The Narendra Modi government’s anti-student agenda is clear from the proposed fee hike in JNU and other institutions. In stark contrast is Ambedkar’s struggle for higher education.

Today, students are frequently asked why they’re protesting instead of studying. No other answer can be as apt as Ambedkar’s message: “Educate, agitate and organise.” At a protest at the Tata Institute of Social Sciences, a student told NDTV: “We are invoking Dr Ambedkar because he is the father of the Constitution, and how he would have felt at this point in time.”

It’s a sentiment repeated by Anubhav Sinha, the director of Article 15, one of those rare instances of a Bollywood movie centred on caste and caste discrimination. 

The Constitution and Dr Ambedkar are inseparable

The BJP often invokes Ambedkar’s name. However, the systematic subversion of the Constitution — and the BJP’s fast-track towards a Hindu Rashtra — has been against the very ethos of the Constitution itself. As the architect of the document, Ambedkar is a crucial figure when democracy comes under attack.  

In the new scheme of things, an inability to furnish citizenship documents makes second-class citizens out of a large population of marginalised sections like Dalits, Adivasis and poor minorities. The fight for equality against this second-class citizenry is what Ambedkar’s life and mission was about. Women, backward classes, and religious minorities were protected using constitutional safeguards.

On December 21, during a protest in Darussalam, Hyderabad, Indian flags were waved, and people held up photos of Ambedkar and the Constitution. A journalist covering the rally told me: “The Constitution is the only straw which people can clutch at now. I think the affinity towards the Constitution, which guarantees them their rights, is what is drawing them [Muslims and others] to Ambedkar. And that is why we see more photos of him in rallies.”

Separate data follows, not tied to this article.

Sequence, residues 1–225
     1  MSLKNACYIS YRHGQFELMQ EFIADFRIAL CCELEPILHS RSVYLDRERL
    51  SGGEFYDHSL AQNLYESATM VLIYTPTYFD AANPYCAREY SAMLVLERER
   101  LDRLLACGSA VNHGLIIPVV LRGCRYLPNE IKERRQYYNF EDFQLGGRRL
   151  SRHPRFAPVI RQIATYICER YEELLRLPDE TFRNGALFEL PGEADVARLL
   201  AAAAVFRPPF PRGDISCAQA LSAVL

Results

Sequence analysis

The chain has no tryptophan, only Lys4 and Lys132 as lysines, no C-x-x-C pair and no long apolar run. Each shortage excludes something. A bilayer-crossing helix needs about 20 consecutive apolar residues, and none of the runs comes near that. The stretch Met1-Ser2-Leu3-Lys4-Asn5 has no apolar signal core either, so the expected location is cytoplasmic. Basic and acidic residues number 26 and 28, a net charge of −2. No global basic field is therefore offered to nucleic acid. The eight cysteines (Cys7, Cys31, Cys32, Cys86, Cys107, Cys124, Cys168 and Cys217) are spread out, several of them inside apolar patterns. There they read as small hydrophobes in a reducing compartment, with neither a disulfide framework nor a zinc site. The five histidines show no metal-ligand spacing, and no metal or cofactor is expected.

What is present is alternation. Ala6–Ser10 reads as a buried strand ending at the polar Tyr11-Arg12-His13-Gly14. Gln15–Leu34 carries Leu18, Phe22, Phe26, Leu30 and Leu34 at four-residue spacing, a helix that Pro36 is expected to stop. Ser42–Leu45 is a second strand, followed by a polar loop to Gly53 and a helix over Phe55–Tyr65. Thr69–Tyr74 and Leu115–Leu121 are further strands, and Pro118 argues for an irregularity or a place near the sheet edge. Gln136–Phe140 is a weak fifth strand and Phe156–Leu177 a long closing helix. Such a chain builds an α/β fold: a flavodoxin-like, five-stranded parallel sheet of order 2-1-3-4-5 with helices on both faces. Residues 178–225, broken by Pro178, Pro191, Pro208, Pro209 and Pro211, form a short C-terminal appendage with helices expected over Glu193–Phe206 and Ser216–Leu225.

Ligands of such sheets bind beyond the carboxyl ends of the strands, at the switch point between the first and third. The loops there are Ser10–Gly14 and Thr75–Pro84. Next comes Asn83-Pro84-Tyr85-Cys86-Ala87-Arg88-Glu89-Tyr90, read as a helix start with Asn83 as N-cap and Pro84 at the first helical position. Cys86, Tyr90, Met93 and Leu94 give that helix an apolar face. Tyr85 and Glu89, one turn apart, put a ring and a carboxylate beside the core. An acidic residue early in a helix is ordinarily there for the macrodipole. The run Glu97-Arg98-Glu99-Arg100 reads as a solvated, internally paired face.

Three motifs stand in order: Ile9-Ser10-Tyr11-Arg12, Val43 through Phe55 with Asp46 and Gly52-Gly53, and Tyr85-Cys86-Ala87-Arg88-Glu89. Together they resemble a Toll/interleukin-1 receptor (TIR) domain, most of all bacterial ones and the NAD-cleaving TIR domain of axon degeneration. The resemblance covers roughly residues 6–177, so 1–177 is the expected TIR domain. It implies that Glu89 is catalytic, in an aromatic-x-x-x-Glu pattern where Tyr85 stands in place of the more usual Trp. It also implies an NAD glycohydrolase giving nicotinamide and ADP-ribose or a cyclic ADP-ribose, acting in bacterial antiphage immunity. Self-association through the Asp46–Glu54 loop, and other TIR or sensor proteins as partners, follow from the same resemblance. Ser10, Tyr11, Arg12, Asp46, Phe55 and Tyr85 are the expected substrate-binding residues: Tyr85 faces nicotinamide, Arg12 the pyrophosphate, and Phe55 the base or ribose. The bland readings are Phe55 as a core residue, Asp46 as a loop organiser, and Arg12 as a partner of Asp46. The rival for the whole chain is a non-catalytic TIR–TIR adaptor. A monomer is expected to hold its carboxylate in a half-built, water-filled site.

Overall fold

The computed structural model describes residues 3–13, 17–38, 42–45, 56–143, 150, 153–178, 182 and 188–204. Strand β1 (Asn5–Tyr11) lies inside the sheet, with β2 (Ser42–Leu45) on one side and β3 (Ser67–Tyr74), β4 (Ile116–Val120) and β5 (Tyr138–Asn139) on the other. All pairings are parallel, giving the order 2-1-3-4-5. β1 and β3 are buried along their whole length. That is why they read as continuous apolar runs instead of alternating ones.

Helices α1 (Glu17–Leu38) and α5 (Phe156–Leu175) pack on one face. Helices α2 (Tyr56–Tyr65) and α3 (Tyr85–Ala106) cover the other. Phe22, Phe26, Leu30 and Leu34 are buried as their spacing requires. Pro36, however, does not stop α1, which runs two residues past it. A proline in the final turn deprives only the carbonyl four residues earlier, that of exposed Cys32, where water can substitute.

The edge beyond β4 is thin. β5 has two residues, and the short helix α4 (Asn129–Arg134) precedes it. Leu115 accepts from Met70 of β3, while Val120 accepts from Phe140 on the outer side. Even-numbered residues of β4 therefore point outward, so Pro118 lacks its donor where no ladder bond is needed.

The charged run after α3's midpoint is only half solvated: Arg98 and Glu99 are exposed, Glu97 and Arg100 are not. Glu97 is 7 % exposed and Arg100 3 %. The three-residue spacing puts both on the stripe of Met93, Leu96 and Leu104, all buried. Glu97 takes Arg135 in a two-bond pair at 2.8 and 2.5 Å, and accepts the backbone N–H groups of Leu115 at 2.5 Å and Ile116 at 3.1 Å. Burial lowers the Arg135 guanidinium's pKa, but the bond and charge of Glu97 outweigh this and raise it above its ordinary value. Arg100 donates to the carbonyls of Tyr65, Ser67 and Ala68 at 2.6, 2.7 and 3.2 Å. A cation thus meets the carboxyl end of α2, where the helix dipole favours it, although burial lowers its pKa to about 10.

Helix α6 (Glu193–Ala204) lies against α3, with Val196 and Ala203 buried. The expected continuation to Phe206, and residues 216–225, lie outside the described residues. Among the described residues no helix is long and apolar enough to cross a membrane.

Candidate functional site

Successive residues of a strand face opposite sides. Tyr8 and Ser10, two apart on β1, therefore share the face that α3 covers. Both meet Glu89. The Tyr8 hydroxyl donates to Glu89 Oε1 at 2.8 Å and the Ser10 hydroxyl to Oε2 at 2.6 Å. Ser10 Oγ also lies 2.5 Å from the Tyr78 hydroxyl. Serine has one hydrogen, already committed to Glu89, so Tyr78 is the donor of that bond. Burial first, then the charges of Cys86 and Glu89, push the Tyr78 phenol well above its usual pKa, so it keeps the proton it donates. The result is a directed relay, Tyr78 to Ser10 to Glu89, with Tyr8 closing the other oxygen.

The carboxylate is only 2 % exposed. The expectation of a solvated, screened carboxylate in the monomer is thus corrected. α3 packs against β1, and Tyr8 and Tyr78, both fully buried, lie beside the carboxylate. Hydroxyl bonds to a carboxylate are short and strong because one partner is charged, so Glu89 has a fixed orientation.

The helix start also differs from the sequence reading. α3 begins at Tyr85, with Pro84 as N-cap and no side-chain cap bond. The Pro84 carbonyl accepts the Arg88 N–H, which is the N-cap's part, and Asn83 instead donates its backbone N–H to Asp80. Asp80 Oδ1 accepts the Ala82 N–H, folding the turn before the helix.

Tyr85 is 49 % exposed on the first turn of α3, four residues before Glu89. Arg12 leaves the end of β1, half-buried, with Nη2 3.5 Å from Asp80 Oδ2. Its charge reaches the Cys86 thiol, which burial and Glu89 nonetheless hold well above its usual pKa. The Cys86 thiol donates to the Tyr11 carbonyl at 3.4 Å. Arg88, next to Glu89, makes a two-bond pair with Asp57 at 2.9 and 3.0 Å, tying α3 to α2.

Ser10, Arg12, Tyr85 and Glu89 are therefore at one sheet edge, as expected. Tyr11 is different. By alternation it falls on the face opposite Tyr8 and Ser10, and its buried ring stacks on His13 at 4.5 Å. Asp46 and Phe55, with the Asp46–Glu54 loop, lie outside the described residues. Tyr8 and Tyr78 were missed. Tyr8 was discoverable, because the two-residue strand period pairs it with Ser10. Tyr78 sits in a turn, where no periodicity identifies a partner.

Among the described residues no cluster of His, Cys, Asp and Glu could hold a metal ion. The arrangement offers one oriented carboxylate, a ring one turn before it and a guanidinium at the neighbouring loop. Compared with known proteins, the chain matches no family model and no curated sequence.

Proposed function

Ambedkar’s words on the value of dissent can also be linked to how criticising the government today is labelled as sedition. This is how the protests have solidified the nationalism brand of Ambedkar — of dissent and fighting for rights using democratic ways. 

While the BJP pitches Hindus versus Muslims, Ambedkar had explained the importance of fraternity, along with liberty and equality, in saving democracy. “In an ideal society…there must be social endosmosis. This is fraternity, which is only another name for democracy,” he said. “Democracy is not merely a form of government. It is primarily a mode of associated living, of conjoined communicated experience. It is essentially an attitude of reverence and respect towards fellow men.”

So, it’s not just the Preamble being read during protests, Ambedkar’s words and thoughts resonate with protesters. He’s even seen in memes against the Citizenship Amendment Act.

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Memes featuring Ambedkar.

On December 27, the protest at Azad Maidan, Mumbai, had a huge backdrop with an image of Ambedkar. Safvana Khalid, a young protester in attendance, told me: “Dr Ambedkar not only was the architect of our Constitution but was also monumental in shifting the focus of politics by adding a social lens. All of us gain huge inspiration from him and his relentless courage in fighting against the caste hierarchy. It’s no surprise then that he dominates most of the protests taking place in the country.”

Amid all the despair, the end of 2019 brings with it a new hope: a profound belief, across all sections of society, that Ambedkar and his values can guide the nation through tough times. 

I think people have already realised that.